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Third Anniversary Acteal Commemoration 

December 2000

From December 18-23, 2000, we traveled to Chiapas, Mexico on an Acteal Commemoration Delegation organized by Cloudforest Initiatives and Michigan Peace Teams. Acteal, a small Tzotzil-Maya village in the municipality of Chenalhó in the highlands of Mexico's southern state of Chiapas, was the site of a December 22, 1997, massacre of 45 people, mostly women and children, by paramilitaries affiliated with the ruling PRI government. This massacre was particularly insidious because the massacred were members of Las Abejas, The Bees, a Christian pacifist group who had been praying for peace in the region when they were assassinated with high-power automatic weapons originating in the United States.

Three years ago we traveled to the neighboring community of Oventic Aguascalientes II shortly after the massacre to help build an autonomous Maya secondary school. During that trip we interviewed survivors from Acteal and other PRI-sponsored attacks in the refugee camp of Polhó. In a very small way we also experienced during that trip a sense of the terror under which the Maya live as a threat from a paramilitary band to attack our camp caused us to evacuate under cover of night and seek refuge in the mountains.

This trip allowed us to witness changes in Mexico since the December 1 inauguration of Vicente Fox, the first president to take power in over 70 years not affiliated with the PRI, and to observe the current situation facing the Maya Indians in Chiapas. Reports in the United States indicate that Fox is making positive improvements to the situation in Chiapas, but people told us that these changes are superficial and insignificant unless they are accompanied by deeper structural changes. Specifically, we observed the following:

  • Under the new Fox administration things have not changed significantly in Chiapas. Fox dismantled 53 military checkpoints in the state, but this superficial change primarily benefits foreigners traveling in the region and is designed to increase his popularity in the north. Security forces continue to employ intimidation tactics such as taking pictures of activists. The army presence in the Indian communities remains the same, and the Zapatista Army for National Liberation (EZLN) will not be convinced of his commitment to peace until the Mexican military is completely withdrawn from Indian communities.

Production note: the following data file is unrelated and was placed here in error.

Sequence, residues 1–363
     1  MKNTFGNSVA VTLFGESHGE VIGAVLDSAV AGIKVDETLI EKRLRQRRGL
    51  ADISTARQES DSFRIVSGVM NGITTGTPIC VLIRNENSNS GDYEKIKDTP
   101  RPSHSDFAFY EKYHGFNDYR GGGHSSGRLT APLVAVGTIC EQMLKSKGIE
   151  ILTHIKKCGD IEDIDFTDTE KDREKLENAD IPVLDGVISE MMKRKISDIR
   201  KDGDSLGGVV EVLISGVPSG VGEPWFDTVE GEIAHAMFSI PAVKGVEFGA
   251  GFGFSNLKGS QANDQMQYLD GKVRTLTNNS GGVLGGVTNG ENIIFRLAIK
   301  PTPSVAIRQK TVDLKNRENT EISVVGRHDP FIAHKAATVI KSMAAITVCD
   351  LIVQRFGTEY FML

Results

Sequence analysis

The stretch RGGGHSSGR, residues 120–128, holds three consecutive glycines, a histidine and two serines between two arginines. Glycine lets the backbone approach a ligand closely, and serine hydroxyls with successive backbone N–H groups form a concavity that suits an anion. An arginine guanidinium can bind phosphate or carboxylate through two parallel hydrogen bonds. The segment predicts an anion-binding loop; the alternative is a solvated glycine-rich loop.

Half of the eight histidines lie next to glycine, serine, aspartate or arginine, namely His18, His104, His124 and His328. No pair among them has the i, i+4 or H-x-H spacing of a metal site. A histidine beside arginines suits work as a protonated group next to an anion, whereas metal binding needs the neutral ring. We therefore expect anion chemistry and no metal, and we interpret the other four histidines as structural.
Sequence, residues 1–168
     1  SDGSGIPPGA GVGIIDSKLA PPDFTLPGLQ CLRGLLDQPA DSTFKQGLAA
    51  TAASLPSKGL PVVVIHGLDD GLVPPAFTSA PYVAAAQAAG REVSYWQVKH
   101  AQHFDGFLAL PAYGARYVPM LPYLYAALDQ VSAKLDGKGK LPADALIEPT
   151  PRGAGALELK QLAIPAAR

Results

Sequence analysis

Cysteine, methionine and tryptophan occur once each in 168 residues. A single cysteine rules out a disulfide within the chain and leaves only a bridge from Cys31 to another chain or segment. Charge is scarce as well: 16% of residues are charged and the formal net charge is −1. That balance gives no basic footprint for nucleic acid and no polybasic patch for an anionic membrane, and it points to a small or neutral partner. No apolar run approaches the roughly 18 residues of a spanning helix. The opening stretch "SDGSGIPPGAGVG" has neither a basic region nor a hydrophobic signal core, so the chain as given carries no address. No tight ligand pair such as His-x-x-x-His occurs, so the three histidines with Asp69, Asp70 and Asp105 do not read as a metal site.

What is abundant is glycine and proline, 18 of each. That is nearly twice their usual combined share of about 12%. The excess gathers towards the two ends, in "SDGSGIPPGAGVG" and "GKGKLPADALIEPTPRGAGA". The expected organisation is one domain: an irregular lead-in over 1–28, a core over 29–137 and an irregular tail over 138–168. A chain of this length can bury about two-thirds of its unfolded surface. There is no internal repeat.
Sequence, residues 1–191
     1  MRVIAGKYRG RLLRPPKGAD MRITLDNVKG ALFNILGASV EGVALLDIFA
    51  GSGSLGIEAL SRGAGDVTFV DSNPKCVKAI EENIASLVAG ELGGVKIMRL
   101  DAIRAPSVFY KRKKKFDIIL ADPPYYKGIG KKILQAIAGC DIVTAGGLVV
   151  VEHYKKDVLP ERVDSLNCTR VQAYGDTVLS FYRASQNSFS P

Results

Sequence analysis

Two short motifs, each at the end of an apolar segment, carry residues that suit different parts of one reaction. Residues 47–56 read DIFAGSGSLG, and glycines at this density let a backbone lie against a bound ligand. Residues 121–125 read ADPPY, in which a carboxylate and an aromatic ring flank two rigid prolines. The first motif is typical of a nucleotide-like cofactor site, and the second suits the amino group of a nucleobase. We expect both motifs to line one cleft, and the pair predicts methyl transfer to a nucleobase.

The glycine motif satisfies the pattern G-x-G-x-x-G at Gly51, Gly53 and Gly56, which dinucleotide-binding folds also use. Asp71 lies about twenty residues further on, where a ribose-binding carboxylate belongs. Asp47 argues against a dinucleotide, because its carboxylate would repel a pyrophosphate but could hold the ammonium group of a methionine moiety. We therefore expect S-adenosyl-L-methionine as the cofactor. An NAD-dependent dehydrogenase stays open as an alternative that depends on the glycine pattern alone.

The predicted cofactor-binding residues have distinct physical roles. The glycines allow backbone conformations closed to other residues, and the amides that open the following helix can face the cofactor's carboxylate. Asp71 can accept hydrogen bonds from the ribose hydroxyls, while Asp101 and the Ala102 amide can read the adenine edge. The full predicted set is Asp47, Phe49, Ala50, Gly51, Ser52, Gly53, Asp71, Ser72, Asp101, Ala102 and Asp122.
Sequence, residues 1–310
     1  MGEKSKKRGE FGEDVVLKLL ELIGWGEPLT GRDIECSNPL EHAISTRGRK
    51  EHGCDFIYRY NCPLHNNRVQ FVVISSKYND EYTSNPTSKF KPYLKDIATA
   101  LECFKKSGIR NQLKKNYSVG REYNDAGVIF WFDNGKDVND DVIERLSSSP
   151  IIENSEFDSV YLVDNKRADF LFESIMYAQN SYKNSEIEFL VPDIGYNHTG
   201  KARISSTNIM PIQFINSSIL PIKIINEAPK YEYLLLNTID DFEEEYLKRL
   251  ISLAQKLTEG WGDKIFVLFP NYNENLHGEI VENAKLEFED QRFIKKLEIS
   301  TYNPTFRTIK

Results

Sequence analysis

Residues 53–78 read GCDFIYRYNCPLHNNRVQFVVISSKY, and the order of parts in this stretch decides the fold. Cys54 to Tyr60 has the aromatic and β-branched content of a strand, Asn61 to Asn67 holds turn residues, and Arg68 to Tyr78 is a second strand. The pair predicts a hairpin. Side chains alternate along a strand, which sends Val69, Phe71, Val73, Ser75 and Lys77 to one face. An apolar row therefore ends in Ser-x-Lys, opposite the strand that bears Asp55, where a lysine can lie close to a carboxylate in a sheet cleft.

• The paramilitary forces are still a very real threat in the Maya communities. These paramilitary forces, such as the one which massacred the people at Acteal, receive training, arms, and support from military and police forces and act in coordination with them to defend elite political and economic interests through intimidation and repression of the civilian population. Fox has done nothing to control these forces.
  • Fox was elected as the presidential candidate of the conservative PAN party which supports a neo-liberal agenda that runs counter to local Maya interests. For example, he wants Maya Indians to shift from their traditional dependence on subsistence corn production to providing cheap labor in maquiladora plants. Already a flood of cheap corn imports from the United States since the passage of NAFTA in 1994 has threatened the Mayas' livelihood since corn, which was originally domesticated in this part of the world, is a critical central element of their culture. Furthermore, human rights activists have already observed abusive labor practices in maquiladoras on Mexico's northern border and the situation probably would be much worse on its southern border, a region with historically less government regulation. Some in the United States have welcomed Fox because of his concerted efforts to end institutionalized corruption in Mexico. One expert observed to us that this will create a more favorable environment for foreign investment in Mexico which, ultimately, will mean increased poverty and dependency on a local level. Fox's policies are designed to benefit the rich and the powerful and will mean increased poverty and repression for Indians and other poor people in Mexico.

On December 22, Fox began the first military withdrawal by dismantling a base in the community of Amador Hernandez and on December 30 seventeen accused Zapatistas were released from prison. While some may see these as hopeful signs that Fox will comply with the San Andrés peace accords, it is clear that we need to remain ever vigilant if true peace with justice is to come to Chiapas.

Here are some pictures from this trip and a talk "In the Footsteps of Martin Luther King: The Bees and Non-Violent Resistance in Chiapas, Mexico." Please let us know if you have comments or questions.

Marc Becker
Cheryl Musch

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